- 300 to 500 mg of magnesium
These are in addition to what you get from your meal. If you are already getting at least the RDI of potassium from your diet, you can choose not to add any more. As I said, however, you are unlikely to get enough consistent.
How to get electrolytes without sports drinks
Start with food
Getting electrolytes from your diet is preferable to supplementation. Start by estimating your typical daily electrolyte intake, ideally by tracking your food for a few days using an app. I prefer cronometers, but any app that provides detailed nutritional information will do. Don’t forget to keep track of drinks too.
If you find that you are not meeting your goals, try adding more electrolyte-rich foods first, and then supplementing as needed.
How To Include Sodium In Your Diet
(Note: All of the following nutritional information comes from the cronometer.)
Bacon and other sausages, tinned fish, or salted nuts can add up to a few hundred mg of sodium per serving. Smaller amounts occur naturally in some products such as beets and carrots, as well as in seaweed and fresh seafood. Dairy products also contain sodium, and even your drinking water does a little bit of it.
By and large, most of the sodium you use up in a day comes from the salt you add to your food. Different types of salt contain different amounts of sodium. A teaspoon of sea salt contains around 2,100 to 2,300 mg of sodium, while a teaspoon of kosher salt only contains between 1,100 and 1,900 mg.
Uressers should feel free to add generous amounts of salt to their food. Your food will taste better when you do it! Adding a generous pinch of salt to your drinking water will also improve the body’s ability to absorb the water so you can stay hydrated. (Add a pinch of lemon to mask the taste.)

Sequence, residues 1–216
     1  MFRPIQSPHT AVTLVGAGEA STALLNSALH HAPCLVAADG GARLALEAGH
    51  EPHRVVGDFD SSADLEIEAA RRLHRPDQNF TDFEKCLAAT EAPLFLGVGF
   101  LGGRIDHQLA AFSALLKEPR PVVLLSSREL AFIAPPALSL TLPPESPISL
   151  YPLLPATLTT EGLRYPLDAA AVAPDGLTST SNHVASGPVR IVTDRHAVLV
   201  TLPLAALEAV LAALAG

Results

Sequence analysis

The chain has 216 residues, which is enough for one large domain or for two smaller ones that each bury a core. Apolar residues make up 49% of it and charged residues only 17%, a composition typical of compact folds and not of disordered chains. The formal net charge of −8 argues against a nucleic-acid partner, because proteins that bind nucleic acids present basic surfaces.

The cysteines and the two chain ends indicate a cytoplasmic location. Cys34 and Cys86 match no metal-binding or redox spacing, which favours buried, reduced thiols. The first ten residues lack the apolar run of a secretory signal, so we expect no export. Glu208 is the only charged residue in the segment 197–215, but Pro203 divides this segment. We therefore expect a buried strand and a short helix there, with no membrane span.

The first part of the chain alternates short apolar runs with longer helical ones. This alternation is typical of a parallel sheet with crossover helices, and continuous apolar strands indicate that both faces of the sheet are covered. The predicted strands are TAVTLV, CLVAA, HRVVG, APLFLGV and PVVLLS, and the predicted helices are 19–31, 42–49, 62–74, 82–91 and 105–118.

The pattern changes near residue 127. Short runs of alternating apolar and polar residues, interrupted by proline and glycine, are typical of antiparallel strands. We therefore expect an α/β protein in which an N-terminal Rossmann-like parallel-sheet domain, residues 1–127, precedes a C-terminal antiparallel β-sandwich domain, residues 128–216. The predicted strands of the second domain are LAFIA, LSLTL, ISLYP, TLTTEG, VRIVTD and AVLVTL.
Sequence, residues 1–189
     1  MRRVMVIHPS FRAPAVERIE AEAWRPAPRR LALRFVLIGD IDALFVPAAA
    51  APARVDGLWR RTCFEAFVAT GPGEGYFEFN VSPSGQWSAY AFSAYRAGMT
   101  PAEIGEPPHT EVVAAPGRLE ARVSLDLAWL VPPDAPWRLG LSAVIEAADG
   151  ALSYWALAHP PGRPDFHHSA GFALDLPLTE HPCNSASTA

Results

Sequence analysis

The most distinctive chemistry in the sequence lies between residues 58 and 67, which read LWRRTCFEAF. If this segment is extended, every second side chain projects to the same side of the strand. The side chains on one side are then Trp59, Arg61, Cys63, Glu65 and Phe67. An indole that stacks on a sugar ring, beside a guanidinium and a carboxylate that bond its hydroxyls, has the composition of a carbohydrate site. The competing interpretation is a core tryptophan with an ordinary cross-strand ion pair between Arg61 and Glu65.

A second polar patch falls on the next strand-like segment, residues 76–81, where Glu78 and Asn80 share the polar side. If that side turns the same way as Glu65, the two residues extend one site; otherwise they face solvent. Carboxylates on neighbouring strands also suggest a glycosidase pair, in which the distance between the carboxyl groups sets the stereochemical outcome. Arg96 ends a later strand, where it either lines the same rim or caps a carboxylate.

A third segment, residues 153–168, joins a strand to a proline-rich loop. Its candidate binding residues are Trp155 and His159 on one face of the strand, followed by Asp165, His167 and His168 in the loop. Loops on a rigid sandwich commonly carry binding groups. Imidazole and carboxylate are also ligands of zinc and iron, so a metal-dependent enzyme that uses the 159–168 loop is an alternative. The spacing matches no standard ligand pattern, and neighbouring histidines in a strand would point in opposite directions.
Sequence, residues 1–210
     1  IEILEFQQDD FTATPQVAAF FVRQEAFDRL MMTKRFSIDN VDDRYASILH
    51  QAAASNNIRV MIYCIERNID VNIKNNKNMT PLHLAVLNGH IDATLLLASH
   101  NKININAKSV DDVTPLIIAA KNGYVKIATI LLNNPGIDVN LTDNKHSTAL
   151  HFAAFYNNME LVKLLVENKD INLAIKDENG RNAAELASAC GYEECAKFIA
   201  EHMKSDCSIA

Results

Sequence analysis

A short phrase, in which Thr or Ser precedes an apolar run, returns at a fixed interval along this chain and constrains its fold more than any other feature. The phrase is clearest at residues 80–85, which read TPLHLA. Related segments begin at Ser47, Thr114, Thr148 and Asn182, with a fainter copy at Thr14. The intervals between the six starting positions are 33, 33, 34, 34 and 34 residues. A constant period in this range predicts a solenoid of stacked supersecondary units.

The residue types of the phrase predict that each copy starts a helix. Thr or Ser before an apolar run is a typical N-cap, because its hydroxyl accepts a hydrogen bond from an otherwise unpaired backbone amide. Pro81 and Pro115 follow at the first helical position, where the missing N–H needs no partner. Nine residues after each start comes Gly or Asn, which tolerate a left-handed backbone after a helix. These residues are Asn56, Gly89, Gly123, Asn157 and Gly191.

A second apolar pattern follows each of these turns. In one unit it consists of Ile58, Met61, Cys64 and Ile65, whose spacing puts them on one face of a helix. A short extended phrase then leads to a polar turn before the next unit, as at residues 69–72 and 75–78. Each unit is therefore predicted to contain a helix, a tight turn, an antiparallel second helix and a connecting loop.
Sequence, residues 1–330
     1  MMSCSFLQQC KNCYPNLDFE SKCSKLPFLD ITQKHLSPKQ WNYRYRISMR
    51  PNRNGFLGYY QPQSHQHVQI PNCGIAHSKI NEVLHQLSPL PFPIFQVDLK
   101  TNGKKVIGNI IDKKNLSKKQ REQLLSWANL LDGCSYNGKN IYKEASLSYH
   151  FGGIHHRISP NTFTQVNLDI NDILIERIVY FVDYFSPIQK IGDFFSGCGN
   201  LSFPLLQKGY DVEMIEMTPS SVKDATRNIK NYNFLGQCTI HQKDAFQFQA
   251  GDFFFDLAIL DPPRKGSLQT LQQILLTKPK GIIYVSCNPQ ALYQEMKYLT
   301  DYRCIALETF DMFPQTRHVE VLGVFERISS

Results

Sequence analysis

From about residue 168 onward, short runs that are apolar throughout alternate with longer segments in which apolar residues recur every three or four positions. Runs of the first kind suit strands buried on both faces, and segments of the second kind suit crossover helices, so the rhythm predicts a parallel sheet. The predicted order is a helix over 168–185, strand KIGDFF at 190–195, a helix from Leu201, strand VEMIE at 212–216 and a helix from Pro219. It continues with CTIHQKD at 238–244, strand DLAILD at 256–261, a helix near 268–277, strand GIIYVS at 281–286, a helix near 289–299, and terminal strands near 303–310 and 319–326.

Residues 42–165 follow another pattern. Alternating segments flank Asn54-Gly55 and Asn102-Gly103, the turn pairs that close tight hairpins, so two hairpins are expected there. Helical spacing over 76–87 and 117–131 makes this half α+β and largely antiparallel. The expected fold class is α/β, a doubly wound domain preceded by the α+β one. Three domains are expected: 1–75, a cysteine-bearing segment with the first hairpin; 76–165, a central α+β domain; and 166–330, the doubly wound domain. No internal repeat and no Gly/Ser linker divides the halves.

Foods rich in potassium
Primitive eaters usually do not include many of the foods richest in potassium in their diet: legumes, dried fruits, bananas. Do not worry! A medium-sized banana contains 422 grams in a medium-sized fruit. There are plenty of primal-friendly options that beat it. Here is just a selection:
- Avocado (1 whole, 136 g): 690 mg
- Mussels, cooked (10 small, 100 g): 628 mg
- Butternut squash (1 cup diced, 205 g): 582 mg
- Spinach, raw (3 cups, 90 g): 502 mg
- Beets, cooked (1 cup diced, 157 g): 479 mg
These don’t beat bananas, but they still get honorable mentions:
- Coconut water (8 ounces, 240 ml): 410 mg
- Ground beef, 85% lean, raw (4 ounces, 113 g): 333 mg
- Sockeye Salmon, Raw (3 ounces, 85 g): 306 mg
- Canned anchovies (Wild Planet brand, one can, 85 g): 235 mg
- Broccoli, raw (1 cup chopped, 91 g): 288 mg
Potatoes are still controversial in the area of ancestral health, but they contain more potassium than any of the foods listed above. One medium baked potato (131 g) contains 512 mg of potassium. If you eat the skin, you will get an additional 400 mg! If you don’t want to eat white potatoes and aren’t aiming for very low carbohydrate intake, a medium-sized sweet potato (150g) provides 713 mg of potassium.
However, as you can see, reaching the RDI of 4,700 mg per day is quite difficult even if you eat a lot of these relatively high potassium foods.
Best foods for magnesium
With magnesium and potassium, you can get some of most basic foods. Some of the foods that are higher in magnesium are: